Functional and Pathological Correlates of Judgments of Learning in Cognitively Unimpaired Older Adults

Federico d'Oleire Uquillas, Heidi I L Jacobs, Aaron P Schultz, Bernard J Hanseeuw, Rachel F Buckley, Jorge Sepulcre, Alvaro Pascual-Leone, Nancy J Donovan, Keith A Johnson, Reisa A Sperling, Patrizia Vannini*

*Corresponding author for this work

Research output: Contribution to journalArticleAcademicpeer-review

4 Citations (Web of Science)

Abstract

Judgments of learning (JOL) pertain to introspective metamemory processes evaluating how well information is learned. Using a functional magnetic resonance imaging (fMRI) task, we investigated the neural substrates of JOL predictions in a group of 105 cognitively unimpaired older adults from the Harvard Aging Brain Study. Associations of JOL performance and its neural correlates with amyloid-β (Aβ) and tau pathology, two proteinopathies associated with Alzheimer's disease (AD) and aging, were also examined. We found that trials judged as learned well relative to trials judged as learned less well (high JOL > low JOL) engaged the ventromedial prefrontal cortex and precuneus, among other midline regions, in addition to bilateral hippocampi. In this cohort of older adults, greater levels of entorhinal tau deposition were associated with overestimation of memory performance and with lower fMRI signal in midline regions during predicted memory success. No associations with Aβ were found. The findings suggest that tau pathology in unimpaired older adults may play a role in altered metamemory processes. We discuss our findings in light of the hypothesis that JOLs are partially dependent on a process involving attempts to retrieve a correct answer from memory, as well as implications for clinical research investigating unawareness of memory performance (i.e., anosognosia) in patients with AD dementia.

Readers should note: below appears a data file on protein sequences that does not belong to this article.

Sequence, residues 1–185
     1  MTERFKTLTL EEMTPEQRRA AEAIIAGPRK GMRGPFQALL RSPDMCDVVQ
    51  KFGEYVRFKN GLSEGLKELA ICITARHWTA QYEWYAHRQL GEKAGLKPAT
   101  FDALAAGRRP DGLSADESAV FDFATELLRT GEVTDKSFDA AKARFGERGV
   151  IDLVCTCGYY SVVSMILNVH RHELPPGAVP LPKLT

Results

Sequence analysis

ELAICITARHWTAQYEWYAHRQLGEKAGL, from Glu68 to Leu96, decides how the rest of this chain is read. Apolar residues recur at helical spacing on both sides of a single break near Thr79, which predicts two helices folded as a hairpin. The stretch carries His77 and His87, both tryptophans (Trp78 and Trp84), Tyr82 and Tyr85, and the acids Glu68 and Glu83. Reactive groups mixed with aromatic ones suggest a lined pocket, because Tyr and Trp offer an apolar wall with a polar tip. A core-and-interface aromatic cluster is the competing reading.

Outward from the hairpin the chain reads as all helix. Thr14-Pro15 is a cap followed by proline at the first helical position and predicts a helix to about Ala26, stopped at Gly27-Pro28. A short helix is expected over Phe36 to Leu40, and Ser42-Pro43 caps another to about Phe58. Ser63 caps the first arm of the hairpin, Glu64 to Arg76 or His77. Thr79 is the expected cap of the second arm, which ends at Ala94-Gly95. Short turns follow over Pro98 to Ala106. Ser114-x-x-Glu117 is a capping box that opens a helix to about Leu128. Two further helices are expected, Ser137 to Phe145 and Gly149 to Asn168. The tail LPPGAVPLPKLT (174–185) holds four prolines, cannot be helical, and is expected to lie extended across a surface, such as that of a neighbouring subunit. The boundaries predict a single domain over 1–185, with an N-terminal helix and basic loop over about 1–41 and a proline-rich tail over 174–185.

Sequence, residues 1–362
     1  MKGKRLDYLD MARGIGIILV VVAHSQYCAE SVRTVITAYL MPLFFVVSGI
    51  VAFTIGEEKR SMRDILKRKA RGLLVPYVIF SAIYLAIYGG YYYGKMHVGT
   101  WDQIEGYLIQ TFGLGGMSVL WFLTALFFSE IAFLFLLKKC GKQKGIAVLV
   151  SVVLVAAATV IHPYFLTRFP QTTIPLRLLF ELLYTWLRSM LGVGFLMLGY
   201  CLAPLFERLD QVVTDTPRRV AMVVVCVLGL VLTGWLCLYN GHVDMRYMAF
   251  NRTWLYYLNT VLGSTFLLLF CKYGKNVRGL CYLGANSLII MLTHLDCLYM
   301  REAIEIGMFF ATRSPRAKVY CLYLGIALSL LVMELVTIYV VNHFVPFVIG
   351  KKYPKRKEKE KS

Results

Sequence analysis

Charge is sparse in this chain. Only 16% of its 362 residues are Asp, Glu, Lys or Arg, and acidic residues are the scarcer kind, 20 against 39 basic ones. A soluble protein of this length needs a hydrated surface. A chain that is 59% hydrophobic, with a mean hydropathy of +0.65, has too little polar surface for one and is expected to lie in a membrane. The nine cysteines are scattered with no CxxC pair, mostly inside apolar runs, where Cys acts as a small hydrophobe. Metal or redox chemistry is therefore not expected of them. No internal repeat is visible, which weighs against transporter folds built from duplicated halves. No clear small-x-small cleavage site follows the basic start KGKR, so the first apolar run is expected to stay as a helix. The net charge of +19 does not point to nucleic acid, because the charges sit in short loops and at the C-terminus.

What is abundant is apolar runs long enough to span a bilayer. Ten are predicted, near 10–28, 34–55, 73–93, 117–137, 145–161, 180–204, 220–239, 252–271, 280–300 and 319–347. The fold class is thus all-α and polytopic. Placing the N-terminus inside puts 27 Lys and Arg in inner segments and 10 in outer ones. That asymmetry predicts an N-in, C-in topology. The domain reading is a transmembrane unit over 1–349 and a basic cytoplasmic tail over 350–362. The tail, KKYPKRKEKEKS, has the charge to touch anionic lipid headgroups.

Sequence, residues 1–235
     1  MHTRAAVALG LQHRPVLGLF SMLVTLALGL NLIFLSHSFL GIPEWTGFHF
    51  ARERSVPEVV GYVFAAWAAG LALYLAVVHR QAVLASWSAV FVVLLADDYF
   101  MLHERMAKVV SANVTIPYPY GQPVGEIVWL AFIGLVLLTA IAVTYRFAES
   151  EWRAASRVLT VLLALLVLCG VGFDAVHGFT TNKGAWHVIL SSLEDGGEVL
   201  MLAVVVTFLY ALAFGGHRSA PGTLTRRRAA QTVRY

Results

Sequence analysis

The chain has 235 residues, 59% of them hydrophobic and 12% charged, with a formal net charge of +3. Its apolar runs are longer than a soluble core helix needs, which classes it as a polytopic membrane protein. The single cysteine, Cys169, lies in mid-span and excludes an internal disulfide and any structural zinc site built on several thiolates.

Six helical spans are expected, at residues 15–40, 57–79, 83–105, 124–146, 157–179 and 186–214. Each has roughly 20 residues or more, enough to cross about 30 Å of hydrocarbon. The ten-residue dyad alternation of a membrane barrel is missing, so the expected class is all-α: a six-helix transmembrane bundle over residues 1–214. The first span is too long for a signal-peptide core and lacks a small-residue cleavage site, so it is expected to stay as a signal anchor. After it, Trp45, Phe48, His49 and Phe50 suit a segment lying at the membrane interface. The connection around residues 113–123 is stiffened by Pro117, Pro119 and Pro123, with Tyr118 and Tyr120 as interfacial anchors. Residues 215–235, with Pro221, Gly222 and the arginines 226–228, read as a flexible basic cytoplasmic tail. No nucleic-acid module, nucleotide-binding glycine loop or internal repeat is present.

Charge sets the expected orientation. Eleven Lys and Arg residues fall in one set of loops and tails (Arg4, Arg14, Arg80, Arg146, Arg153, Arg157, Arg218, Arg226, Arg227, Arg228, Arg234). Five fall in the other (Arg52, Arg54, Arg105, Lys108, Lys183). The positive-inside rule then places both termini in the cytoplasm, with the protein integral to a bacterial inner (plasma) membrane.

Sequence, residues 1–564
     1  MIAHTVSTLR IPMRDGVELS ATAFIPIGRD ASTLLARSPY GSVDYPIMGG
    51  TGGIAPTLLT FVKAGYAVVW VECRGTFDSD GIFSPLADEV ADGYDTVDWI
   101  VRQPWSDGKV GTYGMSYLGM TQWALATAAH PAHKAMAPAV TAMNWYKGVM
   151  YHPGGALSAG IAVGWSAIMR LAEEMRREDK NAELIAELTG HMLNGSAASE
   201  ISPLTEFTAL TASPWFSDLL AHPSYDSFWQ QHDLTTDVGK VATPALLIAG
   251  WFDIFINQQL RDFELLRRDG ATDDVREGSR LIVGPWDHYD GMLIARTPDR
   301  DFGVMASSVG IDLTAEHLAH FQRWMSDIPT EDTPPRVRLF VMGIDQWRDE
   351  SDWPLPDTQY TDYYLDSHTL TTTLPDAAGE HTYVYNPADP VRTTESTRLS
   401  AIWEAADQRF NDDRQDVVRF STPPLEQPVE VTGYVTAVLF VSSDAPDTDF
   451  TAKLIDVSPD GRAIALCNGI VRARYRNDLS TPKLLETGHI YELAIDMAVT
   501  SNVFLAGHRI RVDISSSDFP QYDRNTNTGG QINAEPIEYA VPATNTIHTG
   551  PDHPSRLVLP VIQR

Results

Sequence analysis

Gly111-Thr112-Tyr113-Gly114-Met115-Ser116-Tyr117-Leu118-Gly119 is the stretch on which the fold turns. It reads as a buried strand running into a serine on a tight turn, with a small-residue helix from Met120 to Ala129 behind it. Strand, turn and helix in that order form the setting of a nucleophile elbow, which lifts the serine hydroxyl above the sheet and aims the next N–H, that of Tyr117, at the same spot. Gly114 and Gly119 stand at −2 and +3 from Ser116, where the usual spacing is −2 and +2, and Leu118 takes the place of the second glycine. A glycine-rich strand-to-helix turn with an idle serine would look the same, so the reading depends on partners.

Original languageEnglish
Pages (from-to)1974-1983
Number of pages10
JournalCerebral Cortex
Volume30
Issue number3
DOIs
Publication statusPublished - 14 Mar 2020

Keywords

  • amyloid
  • fMRI
  • judgments of learning
  • metamemory
  • tau
  • ALZHEIMERS-DISEASE
  • NEUROFIBRILLARY CHANGES
  • INDIVIDUAL-DIFFERENCES
  • MEMORY PERFORMANCE
  • AGE-DIFFERENCES
  • SELF-AWARENESS
  • TAU
  • ANOSOGNOSIA
  • METAMEMORY
  • DEMENTIA

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